I had a wonderful conversation with Gabriela L. Laracca of Asbury Park Press which was a rather atypical interview about Ong’s Hat because it focused on one of my passions, long-distance hiking.
Here’s a fun article about hiking in Ong’s Hat.
It’s no question that weird things can be felt in the eerily silent trails in the Pine Barrens.
The cracking of every twig prompts an over-the-shoulder glance for things unknown.
It’s like you’re in a scary movie — or at least getting into the Halloween spirit.
For those not faint of heart, mysterious legends are waiting to be found, hidden along the same trails their subjects once walked (or ran) hundreds of years ago.
One of these is the Batona Trail (short for “back to nature”), which spans from Pemberton to Little Egg Harbor through 50 miles of sand and pitch pines. It has several trailheads, some with grim stories.
The most notorious is the legend of Ong’s Hat. The Ong’s Hat Trailhead is just off of Magnolia Road, which can be reached via Route 70 in Pemberton.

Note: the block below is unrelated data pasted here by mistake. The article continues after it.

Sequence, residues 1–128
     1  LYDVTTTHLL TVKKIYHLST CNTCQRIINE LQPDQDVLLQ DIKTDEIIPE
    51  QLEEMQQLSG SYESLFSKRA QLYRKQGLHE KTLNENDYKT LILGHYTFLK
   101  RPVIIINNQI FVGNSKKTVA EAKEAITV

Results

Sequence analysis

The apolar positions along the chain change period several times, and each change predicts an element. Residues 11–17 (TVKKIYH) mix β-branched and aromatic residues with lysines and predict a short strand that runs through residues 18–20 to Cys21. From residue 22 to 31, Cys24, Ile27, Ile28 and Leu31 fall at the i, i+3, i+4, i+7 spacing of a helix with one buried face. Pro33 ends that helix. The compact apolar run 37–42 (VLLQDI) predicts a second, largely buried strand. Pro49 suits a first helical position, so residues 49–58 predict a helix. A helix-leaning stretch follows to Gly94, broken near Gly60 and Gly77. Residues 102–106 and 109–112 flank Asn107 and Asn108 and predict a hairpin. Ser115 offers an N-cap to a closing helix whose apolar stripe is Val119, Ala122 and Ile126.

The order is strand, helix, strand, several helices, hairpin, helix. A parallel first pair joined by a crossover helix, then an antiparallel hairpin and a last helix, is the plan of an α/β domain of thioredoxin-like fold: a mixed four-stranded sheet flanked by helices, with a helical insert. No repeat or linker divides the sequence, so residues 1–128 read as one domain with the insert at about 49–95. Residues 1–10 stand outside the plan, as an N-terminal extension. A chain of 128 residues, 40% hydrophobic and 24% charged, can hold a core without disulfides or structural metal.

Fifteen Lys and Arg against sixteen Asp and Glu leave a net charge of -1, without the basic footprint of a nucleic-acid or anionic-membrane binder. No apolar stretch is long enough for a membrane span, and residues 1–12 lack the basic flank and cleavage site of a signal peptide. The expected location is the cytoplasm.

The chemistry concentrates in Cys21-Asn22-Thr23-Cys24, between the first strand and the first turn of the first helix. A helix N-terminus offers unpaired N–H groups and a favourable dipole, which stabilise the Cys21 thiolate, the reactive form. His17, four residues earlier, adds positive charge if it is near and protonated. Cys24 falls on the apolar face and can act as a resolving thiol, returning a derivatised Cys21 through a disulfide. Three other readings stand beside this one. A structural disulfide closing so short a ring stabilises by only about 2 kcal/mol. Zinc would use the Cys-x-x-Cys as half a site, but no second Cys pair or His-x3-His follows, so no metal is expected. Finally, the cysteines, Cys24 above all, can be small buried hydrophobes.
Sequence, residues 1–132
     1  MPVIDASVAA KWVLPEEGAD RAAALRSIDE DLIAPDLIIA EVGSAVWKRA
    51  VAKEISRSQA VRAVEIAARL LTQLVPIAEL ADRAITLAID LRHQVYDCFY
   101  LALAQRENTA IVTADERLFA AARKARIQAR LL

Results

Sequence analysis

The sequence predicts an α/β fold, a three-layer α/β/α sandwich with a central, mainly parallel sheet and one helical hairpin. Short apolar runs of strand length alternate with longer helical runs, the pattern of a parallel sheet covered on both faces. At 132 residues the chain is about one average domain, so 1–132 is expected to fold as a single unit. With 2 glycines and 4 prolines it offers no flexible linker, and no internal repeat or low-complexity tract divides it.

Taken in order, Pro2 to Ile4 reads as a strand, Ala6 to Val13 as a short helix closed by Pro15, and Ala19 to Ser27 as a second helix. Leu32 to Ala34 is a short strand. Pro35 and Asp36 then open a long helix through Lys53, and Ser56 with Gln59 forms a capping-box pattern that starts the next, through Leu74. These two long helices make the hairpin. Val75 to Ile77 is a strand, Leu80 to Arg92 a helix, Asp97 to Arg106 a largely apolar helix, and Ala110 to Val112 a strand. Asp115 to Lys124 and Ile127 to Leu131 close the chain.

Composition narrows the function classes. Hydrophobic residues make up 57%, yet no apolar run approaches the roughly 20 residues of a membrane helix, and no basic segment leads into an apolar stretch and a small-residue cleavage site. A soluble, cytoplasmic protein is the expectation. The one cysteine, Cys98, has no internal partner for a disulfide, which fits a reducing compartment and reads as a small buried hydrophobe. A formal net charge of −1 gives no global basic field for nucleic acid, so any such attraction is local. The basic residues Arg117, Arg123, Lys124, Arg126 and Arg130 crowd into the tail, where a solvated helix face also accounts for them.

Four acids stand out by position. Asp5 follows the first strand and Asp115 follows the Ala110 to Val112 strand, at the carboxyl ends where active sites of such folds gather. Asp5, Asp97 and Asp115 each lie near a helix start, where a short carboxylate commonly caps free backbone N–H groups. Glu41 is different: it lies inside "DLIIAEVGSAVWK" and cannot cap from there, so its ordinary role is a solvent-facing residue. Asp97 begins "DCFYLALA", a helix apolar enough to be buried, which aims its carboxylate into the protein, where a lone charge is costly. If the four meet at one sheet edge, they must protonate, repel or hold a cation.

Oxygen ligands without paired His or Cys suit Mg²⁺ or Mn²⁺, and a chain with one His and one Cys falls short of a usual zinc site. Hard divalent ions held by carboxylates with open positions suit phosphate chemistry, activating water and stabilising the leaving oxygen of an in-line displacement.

The leaf-covered Batona Trail at the Ong’s Hat trailhead in Pemberton.
This portion of town, once called Ong’s Hat, was believed to be named after a former resident — and he was a bit of a lady’s man. That was until a woman became angry with him and stomped on his hat, prompting him to storm off in a rage, only to throw his hat into the air and get it stuck in a tree. It hung there as an eerie reminder for years.
Visitors began to recognize the town by the hat, and all that’s left today of the small village are ruins of a ghost town that no one seems to be able to find.
Now for the fun part: Some believe it’s a portal to an alternate dimension.